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Just over a week ago Willie Jones passed a note to a visiting pianist from New York, Emmet Cohen. Emmet then informed a sold out audience at the Dirty Dog that George “Sax” Benson had died. Emmet knows a lot about jazz and has always been drawn to Detroit’s jazz, yet when I asked him about George, he told me that he didn’t know either George or his music. He did know that the loss of any Detroit jazz artist is a major loss for jazz.

This news had the same effect on me as listening to country music often has, I was knocked back with sadness that was followed by a warm feeling that everything is going to be all right. The mention of George “Sax” Benson will bring a smile to the face of anyone who has been touched by his story and his music.


GEORGE “SAX” BENSON  1929-2019

One of the reasons that George isn’t a household name in America’s music history is because he was never interested in the spotlight. George had no problem playing in front of or talking to a throng of admirers, but reserved the right to also lead a satisfying private life. Important facts about George are that he retired from the post office after 30 years of service, that he was happily married for almost 64 years and that George could really play the sax. He was so good that he was asked to play with:

Lena Horne, Aretha Franklin, Debbie Reynolds, Glen Campbell, Milton Berle, Ella Fitzgerald, Edie Adams, Dinah Washington, Mel Torme, Nancy Wilson, Johnny Mathis, Diana Carroll, Four Tops, Temptations, Stevie Wonder, Supremes, Marvin Gaye, Kenny Burrell, Lionel Hampton, Benny Carter, Sonny Stitt, Gene Ammons, Errol Garner, Quincy Jones, Nelson Riddle, Smokey Robinson, Gladys Knight, Brook Benton, Jackson 5, Diana Ros, Bill Cosby, Lou Rawls, Tony Bennett, Betty Carter, Carmen McRae, Sheila Jordan, Rosemary Clooney, Mildred Bailey, Vic Damone, Martha Reeves, Rich Little, BB Queen, Regis Philbin, Michael Feinstein, Tommy Tune, Steve Allen, Della Reese, Sammy Davis, Jr., Louis Armstrong, Tommy Flanagan, Benny Golson, Earl Bostic, Pepper Adams, J.C. Heard, Ernie Wilkins, Peter Duchin, Hank Jones, Yusef Leteef, Doug Watkins, Willie Anderson, Paul Chambers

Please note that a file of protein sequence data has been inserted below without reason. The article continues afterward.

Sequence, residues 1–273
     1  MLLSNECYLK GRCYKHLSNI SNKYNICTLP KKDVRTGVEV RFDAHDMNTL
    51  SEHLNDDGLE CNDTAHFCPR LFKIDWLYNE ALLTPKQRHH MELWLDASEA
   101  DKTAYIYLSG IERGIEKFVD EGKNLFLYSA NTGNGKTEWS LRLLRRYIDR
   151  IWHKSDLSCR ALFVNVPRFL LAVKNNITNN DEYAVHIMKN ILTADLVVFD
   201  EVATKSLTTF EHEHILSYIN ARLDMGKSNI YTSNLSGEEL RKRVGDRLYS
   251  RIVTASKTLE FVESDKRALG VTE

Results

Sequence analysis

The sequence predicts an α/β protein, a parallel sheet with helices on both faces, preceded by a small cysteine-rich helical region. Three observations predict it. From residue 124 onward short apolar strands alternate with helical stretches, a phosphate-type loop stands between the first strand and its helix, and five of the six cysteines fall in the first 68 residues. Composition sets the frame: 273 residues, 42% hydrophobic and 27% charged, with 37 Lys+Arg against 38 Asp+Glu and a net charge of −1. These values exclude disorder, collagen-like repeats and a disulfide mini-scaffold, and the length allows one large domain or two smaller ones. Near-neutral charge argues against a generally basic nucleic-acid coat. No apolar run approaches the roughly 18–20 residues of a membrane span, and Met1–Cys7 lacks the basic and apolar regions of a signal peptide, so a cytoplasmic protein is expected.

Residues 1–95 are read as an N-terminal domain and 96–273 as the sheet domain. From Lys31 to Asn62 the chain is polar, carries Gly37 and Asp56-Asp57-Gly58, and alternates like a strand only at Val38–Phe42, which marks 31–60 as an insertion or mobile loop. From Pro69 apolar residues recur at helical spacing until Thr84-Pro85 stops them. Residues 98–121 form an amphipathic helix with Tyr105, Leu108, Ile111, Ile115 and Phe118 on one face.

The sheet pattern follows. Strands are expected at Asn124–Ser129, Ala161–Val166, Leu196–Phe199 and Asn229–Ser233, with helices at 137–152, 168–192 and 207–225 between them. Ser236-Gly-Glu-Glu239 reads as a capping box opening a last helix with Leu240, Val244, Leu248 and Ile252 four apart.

This long list of America’s most celebrated entertainers all thought that George was someone special. As important to George was knowing that he was special to his family and friends. George was successful at living the life he chose to live. Wouldn’t be nice If we all could be so lucky?



George Benson chose a life in music but would never allow music to choose his life. He told me once that he was a very lucky man. He came into music at a time when there were a lot of gigs. Early in his life Detroit was a good town to be a musician. TV shows needed live bands, people liked to dance to live music, and there were plenty of jazz clubs.

George realized that he could finish a mail route by 4PM and still get a couple of evening music gigs. He had a plan. He could get out and share his music and his family would have a secure life.  He didn’t have to go on the road.  He would never be so famous that Emmet Cohen would have heard of him, but his family and local jazz fans sure knew that this was a remarkably gifted man.

The last time I saw George was at his last gig at the Dirty Dog.

George just had his 87th birthday and his birthday gift to us was his tone and phrasing. When I watched George play,  he sometimes seemed to disappear from the moment and take us on a trip into his past. I felt his emotions even though I didn’t know what episode in his life had just reappeared in his thoughts. Listening to George play a ballad we know that George has experienced some love. As he played, George’s face showed his story as much as his saxophone.